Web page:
An infographic showing what you can do now to fight climate change!

To limit global warming to 1.5°C above pre-industrial levels, zero emissions must be achieved by the middle of this century.

This means that in less than three decades, we need to reverse more than a century of emissions growth and reduce annual emissions to near zero, while offsetting any remaining unavoidable emissions by actively removing carbon from the atmosphere.

And to help speed up this process, we must do everything we can to reduce our use of fossil fuels. But many people don’t know about the most efficient way to do it. Fortunately, in the latest report from the United Nations Climate Change Committee (IPCC), an entire chapter is devoted to all the ways in which changes in human behavior can accelerate the transition to zero emissions.

The chapter includes an analysis of 60 individual actions that can help fight climate change, based on research by Diana Ivanova of the University of Leeds, to which she contributed.

These actions are grouped into three areas: avoiding consumption, changing consumption, and improving consumption (making it more efficient). The charts created for the IPCC report show what we found.

What to Avoid

By far the most efficient thing to avoid is transportation. Living without a car reduces greenhouse gas emissions by an average of 2 tons of CO2 emissions per person per year, and the absence of one long trip reduces emissions by an average of 1.9 tons. This is the equivalent of a typical European car driving over 16,000 km from Hamburg, Germany to Ulaanbaatar and Mongolia and back.

Switch to different ways

Living sustainably is not just about letting things go. Significant emission reductions can be achieved by switching to a different way of doing things. And because driving is so polluted, for example, switching to public transport, walking or cycling can make a huge difference, with added benefits for your personal health and local air pollution levels.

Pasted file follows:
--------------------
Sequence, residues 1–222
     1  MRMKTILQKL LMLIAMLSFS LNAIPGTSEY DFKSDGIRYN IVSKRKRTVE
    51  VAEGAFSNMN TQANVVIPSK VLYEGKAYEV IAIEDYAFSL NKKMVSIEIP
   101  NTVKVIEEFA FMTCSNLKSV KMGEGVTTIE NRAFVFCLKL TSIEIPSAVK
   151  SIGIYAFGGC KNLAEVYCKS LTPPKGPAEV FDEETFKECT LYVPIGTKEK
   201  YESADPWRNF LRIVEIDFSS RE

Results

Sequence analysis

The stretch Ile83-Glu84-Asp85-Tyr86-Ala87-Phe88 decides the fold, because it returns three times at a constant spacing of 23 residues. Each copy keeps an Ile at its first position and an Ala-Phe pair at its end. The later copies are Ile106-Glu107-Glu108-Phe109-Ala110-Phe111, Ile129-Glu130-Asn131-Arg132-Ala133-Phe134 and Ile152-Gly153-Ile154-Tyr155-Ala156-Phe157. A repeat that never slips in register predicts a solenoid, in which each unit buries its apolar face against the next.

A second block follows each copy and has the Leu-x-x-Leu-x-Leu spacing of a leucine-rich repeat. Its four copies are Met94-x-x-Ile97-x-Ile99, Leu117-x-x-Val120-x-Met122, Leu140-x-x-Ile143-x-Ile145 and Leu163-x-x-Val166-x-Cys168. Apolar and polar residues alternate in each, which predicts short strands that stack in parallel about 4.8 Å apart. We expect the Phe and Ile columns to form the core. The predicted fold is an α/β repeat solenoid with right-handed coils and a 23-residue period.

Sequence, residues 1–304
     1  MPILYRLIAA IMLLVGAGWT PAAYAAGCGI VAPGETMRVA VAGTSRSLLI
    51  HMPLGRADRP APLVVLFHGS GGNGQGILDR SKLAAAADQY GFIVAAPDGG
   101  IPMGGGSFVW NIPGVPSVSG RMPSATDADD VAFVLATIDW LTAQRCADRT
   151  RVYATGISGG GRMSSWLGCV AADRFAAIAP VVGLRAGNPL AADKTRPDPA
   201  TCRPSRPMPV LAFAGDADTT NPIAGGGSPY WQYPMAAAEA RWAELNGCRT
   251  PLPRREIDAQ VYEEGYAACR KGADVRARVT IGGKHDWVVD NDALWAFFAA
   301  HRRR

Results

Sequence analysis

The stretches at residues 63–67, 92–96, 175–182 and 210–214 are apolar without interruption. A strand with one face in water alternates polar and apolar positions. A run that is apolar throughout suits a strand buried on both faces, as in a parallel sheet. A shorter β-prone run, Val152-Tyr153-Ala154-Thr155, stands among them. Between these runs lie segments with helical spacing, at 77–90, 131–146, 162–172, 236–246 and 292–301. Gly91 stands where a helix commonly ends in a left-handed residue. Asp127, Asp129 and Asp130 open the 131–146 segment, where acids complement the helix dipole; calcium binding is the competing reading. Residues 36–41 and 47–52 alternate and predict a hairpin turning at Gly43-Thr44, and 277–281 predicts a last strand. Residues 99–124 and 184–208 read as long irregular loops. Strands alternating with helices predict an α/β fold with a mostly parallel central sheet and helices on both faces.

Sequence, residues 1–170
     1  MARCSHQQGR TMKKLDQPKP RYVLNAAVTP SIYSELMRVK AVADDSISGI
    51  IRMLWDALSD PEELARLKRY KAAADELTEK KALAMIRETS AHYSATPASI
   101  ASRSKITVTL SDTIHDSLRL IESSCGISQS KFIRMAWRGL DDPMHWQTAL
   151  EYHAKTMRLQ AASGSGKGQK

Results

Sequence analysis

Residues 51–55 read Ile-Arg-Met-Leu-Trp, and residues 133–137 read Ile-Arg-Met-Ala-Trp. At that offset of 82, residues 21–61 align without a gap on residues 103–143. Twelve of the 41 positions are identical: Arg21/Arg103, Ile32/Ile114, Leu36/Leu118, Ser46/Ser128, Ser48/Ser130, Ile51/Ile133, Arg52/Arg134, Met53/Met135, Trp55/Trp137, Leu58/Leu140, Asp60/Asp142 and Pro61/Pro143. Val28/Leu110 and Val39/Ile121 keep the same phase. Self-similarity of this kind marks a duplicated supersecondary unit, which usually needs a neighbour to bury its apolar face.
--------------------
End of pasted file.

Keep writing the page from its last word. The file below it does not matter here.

Likewise, given the higher emissions associated with meat and dairy products, especially products from sheep and cattle, making the switch to a more sustainable diet can significantly reduce your carbon footprint. An all-vegetarian diet is the most effective way to do this, but significant savings can be made by simply switching from beef and lamb to pork and chicken.

What should be improved?

What we are already doing can be made more efficient by improving the carbon efficiency of the home, for example by using insulation and heat pumps, or by generating our own renewable energy by installing solar panels. Switching from a combustion engine car to an electric car – ideally a battery electric car that delivers greater emission reductions than hybrid or fuel cell cars – will make your car’s journeys more efficient. In addition, its impact on emissions will increase over time, and the amount of electricity generated from renewable energy sources will increase.

And in the race to zero emissions, every ton of CO2 really counts. If many of us consider even some of these proposals, collectively we are likely to achieve the ambitious goals set out in the Paris Climate Agreement. Of course, these changes must be simultaneously underpinned by major political action for sustainability.

If we want to use less energy from fossil fuels, we must either limit the use of fossil fuels or make them more expensive. The social consequences of this need to be carefully managed so that carbon pricing schemes can benefit people on low incomes: what could happen if incomes were redistributed to alleviate the financial burden of poor households.

But governments can do much more to help people live more sustainably, such as providing better and safer public transport and “active travel” infrastructure (like bike lanes and walking areas) so people have alternatives to driving and flying.

There is no avoiding the fact that if political decisions to combat climate change are made as urgently as our global situation requires, they will limit the extent to which we can indulge in carbon-intensive behaviour.

The report was prepared by Max Callahan, PhD Research Fellow in Climate Change from the University of Leeds.

Source: Science Alert.